The integration of artificial intelligence in the financial domain offers substantial efficiency gains and enhanced client services. It also promotes financial inclusion and helps reduce data bias. But the technology also brings concerns relating to its ethical use, and regulatory challenges in addressing risks and ensuring compliance.

Those were the main takeaways from a roundtable discussion in October 2023 titled Capitalizing on the Potential of Artificial Intelligence, which was hosted by Wharton’s Future of Finance Forum.

The discussion was co-moderated by Wharton professor Chris Geczy, who is also academic director of the Jacobs Levy Equity Management Center for Quantitative Financial Research, and Cary Coglianese, professor of law and political science at the University of Pennsylvania’s Carey Law School. The roundtable’s participants included executives from Fortune 500 firms, academic experts, and other leaders in finance and AI.

“The current state of artificial intelligence puts us at the edge of something wonderful, something terrible, or both,” Geczy said. “Developers, regulators, and other stakeholders are responsible for guiding the further development of AI in socially and economically beneficial ways. There’s reason for optimism that AI’s potential for good can be realized while limiting its harms.”

AI Opens New Opportunities

The panelists noted that AI ventures are attracting substantial investments, including collaborations with startups and strategic academic partnerships. Also, financial institutions are leveraging AI to analyze vast trade volumes, providing actionable insights into trade probabilities and enhancing market participation strategies, they said.

Another revolutionary application is AI-assisted liquidity management, enabling precise forecasting of cash positions, essential for operational stability and strategic planning. These innovations show that AI’s role extends beyond task automation, providing insights that can alter fundamental business strategies and market interactions, the panelists noted.

A critical aspect of AI integration is understanding and explaining decision-making processes to minimize bias and ensure ethical use. Several institutions have taken proactive steps, establishing principles for ethical AI usage, recognizing the technology’s profound impact on client relationships and market dynamics.

The roundtable focused on other salutary aspects of AI as well, such as its societal impact, particularly in promoting financial inclusion. Financial systems often exclude lower-income households, and AI’s efficiency gains could be instrumental in addressing this disparity, they noted.

“There’s reason for optimism that AI’s potential for good can be realized while limiting its harms.”— Chris Geczy

The roundtable also recognized efforts to democratize AI, particularly through empowering academic institutions and startups. Major service providers envisage a future where foundational AI models are widely accessible, promoting a democratized ecosystem of safe and compliant AI services, the panelists said.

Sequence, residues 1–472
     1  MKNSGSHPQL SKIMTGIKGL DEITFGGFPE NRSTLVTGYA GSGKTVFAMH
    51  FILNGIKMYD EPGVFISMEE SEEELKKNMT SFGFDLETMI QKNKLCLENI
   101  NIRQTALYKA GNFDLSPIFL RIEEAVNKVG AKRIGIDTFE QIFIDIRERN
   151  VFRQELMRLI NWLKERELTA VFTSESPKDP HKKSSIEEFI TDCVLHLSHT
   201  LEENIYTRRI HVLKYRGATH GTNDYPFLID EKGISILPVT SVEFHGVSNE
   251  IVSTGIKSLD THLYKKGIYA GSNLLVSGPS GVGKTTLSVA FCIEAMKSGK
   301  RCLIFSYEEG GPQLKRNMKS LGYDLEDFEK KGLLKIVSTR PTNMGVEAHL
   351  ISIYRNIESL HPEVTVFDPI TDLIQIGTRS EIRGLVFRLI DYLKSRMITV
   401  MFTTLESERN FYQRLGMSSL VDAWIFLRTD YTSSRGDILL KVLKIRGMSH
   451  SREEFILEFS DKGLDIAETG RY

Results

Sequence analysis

AI’s potential in identifying and correcting data biases was another significant theme of the discussion. Using existing data sets poses a risk of perpetuating biases. By making mathematical adjustments, AI can help in recognizing implicit biases, a foundational step in developing fairer financial systems, the panelists pointed out. Innovative solutions like digital identity technologies offer seamless financial system integration, and open finance ecosystems could provide crucial data, driving more inclusive AI algorithms, they added.

Challenges Facing AI Adoption

AI integration faces hurdles in aspects like identifying suitable use cases and managing associated risks. The selection of AI use cases must also consider risk-reward dynamics, focusing on areas where AI’s advantages are clear, the panelists said. Foundational models and benchmarking emerged as primary areas for responsibility assumption, indicating an industry trend towards shared accountability in AI implementation, they noted. They also pointed to AI’s environmental impact, particularly the significant carbon footprint associated with running large AI models.

AI also presents regulatory challenges in that the centralizing tendency of AI contrasts with decentralized financial trends like cryptocurrencies. AI’s novel applications strain existing legal frameworks, often leading to delays in consensus building around new rules, the discussants noted. This lag results in potential compliance and operational risks, especially for novel financial products and services. Furthermore, the natural risk aversion of regulatory bodies contrasts with the private sector’s agility, necessitating a more nuanced approach to fostering innovation while mitigating risks, they added.

Navigating international AI regulations is another pressing issue. The panelists pointed to the EU’s initiatives with its AI Act to regulate AI and create a legal framework that balances innovation and consumer protection. The complexity of AI systems necessitates a broad approach, with debates around specific prohibitions and national sovereignty in AI regulation, they stated. Concerns were raised also about the broad scope of the AI Act, potentially leading to conflicts with existing laws and creating operational challenges for businesses. However, safe harbors and technical standards could offer “green zones” for compliant operations, the panelists noted.

This article is based on a summary published on LinkedIn.